Embryonic Blastomeres (Leech)
An exception to the rule of fusion as part of terminal differentiation appears in the early stages of embryogenesis in the leech Helobdella robusta.101 Here three large endodermal precursor cells undergo partial fusion to form a syncytium, which later gives rise to recellularized descendents lining the digestive tract. Experiments employing protein-synthesis inhibitors indicate that each cell in a fusion-pair must express new proteins for cell fusion to occur,102 but the molecules required for membrane fusion remain unknown.
Haploid Mating (Yeast)
Pheromone-induced conjugation of haploid Saccharomyces cerevisiae cells involves cell-wall remodeling in advance of plasma membrane fusion. Mutations in a number of single genes yield mating-defective yeast that undergo normal morphological changes but fail to fuse, as the cell wall continues to separate the cell membranes.103-105 These genes are apparently involved in degradation of the cell wall, and not in membrane fusion per se. Mutants in the PRM1 gene, in contrast, are often blocked at a step after cell-wall remodeling (Fig. 9).106 Still, Prm1 protein appears not to be completely required for fusion, because nearly half of prm1 null-mutant cell pairs fuse successfully. Recently, it was found that many prm1-mutant cells undergo lysis that is specifically associated with the membrane fusion step of mating.107 Thus, Prm1 appears to play a role in stabilizing the cell-fusion interface in the two cell membranes, permitting safe and efficient membrane merger by a mechanism whose components remain unknown.
Many fungi propagate as multinucleated hyphae, which can form anastomoses through fusion. In some species, it is hypothesized that fusion-dependent exchange of nuclei can stabilize the genome of such a multinucleated organism, even when the individual nuclei have varying genomic content, a phenonmenon termed heterokaryosis.108 In the genetically tractable species Neurospora crassa, the genes so/ham-1 and ham-2 have been implicated in the process of hyphal fusion,109,110 and the HAM-2 protein, which has orthologs in animals and other fungi, is predicted to contain three membrane-spanning domains.110 As in many other model systems, however, the nature of the membrane-fusion mechanism is still unclear.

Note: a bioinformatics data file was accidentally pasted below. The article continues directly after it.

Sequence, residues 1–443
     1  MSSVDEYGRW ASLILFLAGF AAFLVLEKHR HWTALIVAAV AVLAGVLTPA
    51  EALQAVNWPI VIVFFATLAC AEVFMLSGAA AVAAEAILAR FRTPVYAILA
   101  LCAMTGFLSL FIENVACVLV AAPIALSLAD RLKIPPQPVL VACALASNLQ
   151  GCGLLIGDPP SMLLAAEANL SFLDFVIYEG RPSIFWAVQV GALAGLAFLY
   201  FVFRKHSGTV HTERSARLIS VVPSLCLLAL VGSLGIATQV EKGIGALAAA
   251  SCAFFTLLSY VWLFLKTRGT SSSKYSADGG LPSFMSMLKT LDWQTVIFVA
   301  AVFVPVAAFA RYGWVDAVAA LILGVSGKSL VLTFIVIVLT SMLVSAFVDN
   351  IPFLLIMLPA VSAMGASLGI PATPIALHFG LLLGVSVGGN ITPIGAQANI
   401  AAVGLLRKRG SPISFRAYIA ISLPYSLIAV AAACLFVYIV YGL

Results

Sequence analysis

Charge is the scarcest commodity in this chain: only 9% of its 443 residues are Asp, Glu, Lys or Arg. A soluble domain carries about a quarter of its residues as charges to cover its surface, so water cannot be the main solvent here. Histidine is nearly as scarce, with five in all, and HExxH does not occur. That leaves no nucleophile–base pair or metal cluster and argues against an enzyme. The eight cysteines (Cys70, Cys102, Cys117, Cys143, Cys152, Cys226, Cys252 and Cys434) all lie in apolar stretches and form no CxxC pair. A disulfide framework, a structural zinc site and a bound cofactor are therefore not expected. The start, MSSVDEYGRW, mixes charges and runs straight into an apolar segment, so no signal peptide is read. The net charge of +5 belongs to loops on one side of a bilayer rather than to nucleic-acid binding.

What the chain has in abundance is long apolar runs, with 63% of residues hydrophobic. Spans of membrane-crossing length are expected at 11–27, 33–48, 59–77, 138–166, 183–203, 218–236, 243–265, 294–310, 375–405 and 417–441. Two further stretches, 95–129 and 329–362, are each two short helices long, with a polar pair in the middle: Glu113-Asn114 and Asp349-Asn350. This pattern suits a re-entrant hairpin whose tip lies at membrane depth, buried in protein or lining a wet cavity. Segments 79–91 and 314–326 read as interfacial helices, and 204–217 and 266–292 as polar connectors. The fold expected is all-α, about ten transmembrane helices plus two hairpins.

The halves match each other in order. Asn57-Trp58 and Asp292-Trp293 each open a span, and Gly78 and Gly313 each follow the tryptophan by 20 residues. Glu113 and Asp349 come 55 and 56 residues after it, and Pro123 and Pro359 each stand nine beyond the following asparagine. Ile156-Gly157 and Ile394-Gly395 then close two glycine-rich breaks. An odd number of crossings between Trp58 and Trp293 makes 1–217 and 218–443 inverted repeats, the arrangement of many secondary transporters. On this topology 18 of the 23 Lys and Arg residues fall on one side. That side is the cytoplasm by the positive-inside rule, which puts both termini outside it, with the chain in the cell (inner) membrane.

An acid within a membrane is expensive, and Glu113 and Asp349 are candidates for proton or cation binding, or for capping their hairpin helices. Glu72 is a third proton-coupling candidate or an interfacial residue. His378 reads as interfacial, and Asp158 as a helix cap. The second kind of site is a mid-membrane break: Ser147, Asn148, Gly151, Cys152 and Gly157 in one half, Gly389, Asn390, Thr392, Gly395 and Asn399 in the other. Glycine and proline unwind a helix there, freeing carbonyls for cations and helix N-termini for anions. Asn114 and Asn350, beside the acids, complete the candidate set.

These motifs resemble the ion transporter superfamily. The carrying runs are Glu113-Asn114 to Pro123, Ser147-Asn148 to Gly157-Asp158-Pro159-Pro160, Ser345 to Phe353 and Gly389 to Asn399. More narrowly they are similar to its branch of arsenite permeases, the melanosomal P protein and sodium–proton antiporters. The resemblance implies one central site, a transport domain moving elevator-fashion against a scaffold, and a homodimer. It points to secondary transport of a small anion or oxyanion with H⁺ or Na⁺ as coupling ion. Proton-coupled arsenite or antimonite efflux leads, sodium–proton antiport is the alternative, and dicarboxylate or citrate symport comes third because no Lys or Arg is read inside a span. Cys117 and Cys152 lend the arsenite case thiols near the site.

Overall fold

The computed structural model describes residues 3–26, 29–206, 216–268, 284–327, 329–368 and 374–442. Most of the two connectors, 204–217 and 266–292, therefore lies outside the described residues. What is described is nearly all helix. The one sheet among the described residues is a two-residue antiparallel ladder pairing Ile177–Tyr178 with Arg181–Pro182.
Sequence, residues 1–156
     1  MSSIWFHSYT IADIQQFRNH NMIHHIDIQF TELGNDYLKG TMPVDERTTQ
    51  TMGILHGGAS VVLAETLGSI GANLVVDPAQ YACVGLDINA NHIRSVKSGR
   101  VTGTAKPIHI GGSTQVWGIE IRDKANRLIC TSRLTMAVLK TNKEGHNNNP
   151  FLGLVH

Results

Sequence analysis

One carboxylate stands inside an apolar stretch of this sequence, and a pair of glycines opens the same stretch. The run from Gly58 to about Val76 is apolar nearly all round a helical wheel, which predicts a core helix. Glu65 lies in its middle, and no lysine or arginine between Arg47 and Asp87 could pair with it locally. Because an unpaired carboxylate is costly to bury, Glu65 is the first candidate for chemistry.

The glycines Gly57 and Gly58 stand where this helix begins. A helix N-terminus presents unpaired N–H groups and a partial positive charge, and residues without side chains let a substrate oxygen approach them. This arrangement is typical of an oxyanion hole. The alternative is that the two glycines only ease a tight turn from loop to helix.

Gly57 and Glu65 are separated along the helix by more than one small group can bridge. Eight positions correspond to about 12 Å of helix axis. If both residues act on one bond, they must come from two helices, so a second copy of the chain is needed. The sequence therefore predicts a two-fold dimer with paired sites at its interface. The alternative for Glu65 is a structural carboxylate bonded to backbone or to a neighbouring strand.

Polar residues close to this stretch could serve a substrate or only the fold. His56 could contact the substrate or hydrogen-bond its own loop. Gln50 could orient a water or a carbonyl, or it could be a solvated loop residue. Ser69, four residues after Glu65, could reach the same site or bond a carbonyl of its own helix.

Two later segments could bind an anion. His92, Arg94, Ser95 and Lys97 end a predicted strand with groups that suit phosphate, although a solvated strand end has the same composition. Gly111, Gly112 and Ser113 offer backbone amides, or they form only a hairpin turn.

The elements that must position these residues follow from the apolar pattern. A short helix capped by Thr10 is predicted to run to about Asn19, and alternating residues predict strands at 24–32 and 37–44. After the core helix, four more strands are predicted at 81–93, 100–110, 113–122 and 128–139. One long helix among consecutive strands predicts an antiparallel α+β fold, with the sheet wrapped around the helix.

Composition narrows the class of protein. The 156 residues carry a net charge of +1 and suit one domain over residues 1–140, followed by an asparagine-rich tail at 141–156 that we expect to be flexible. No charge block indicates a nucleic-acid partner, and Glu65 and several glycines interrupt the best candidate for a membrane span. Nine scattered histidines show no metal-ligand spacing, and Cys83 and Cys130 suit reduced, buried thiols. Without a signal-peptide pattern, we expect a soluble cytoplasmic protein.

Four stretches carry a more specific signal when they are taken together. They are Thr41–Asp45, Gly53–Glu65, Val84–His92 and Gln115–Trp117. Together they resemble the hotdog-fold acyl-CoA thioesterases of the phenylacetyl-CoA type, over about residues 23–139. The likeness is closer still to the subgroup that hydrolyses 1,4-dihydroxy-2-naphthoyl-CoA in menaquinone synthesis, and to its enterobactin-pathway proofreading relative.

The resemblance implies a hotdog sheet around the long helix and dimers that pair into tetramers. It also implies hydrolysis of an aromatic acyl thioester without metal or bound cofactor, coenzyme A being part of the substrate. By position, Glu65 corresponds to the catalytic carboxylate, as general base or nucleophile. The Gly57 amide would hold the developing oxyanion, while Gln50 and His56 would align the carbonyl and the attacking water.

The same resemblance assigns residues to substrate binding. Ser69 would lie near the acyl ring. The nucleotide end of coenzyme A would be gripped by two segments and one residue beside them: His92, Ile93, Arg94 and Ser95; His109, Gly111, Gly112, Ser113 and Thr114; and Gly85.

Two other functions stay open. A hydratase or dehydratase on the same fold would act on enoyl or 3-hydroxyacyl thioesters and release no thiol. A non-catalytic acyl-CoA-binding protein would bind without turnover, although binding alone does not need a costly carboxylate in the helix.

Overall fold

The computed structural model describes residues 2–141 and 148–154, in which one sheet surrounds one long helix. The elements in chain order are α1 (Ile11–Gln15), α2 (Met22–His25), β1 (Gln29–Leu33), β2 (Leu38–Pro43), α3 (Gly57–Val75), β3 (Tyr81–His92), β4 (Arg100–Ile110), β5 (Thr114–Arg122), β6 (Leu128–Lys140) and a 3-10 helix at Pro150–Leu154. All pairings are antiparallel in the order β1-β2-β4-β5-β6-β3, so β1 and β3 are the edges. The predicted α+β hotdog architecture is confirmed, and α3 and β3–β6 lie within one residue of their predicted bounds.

Summary of Molecules Driving Cell Fusion: Obstacles to Their Discovery
To summarize the current understanding of molecules that drive cell membrane fusion in development, we know very little. Why is this? First, the fusion competent contact between cells is transient, and by definition self-destructive. This precludes biochemical preparation of membrane extracts specifically enriched in cell-membrane fusion activity. Second, the biology of each and every cell in an organism, including all nonfusing cell types, involves millions of intracellular membrane fusion events during a cell's lifetime. A fusion competent cell may fuse plasma membranes only once or twice with neighbors during development. Thus purifying and reconstituting a fusion mechanism, even from pure populations of fusing cells, is a “needle in a haystack” task. Third, although the fusion-fated cell must certainly change its membrane-protein content to become fusion competent, it typically changes its gene expression and proteome in many other ways while differentiating into a functioning myofiber, osteoclast, or lens fiber. This makes candidate-gene testing a more difficult task.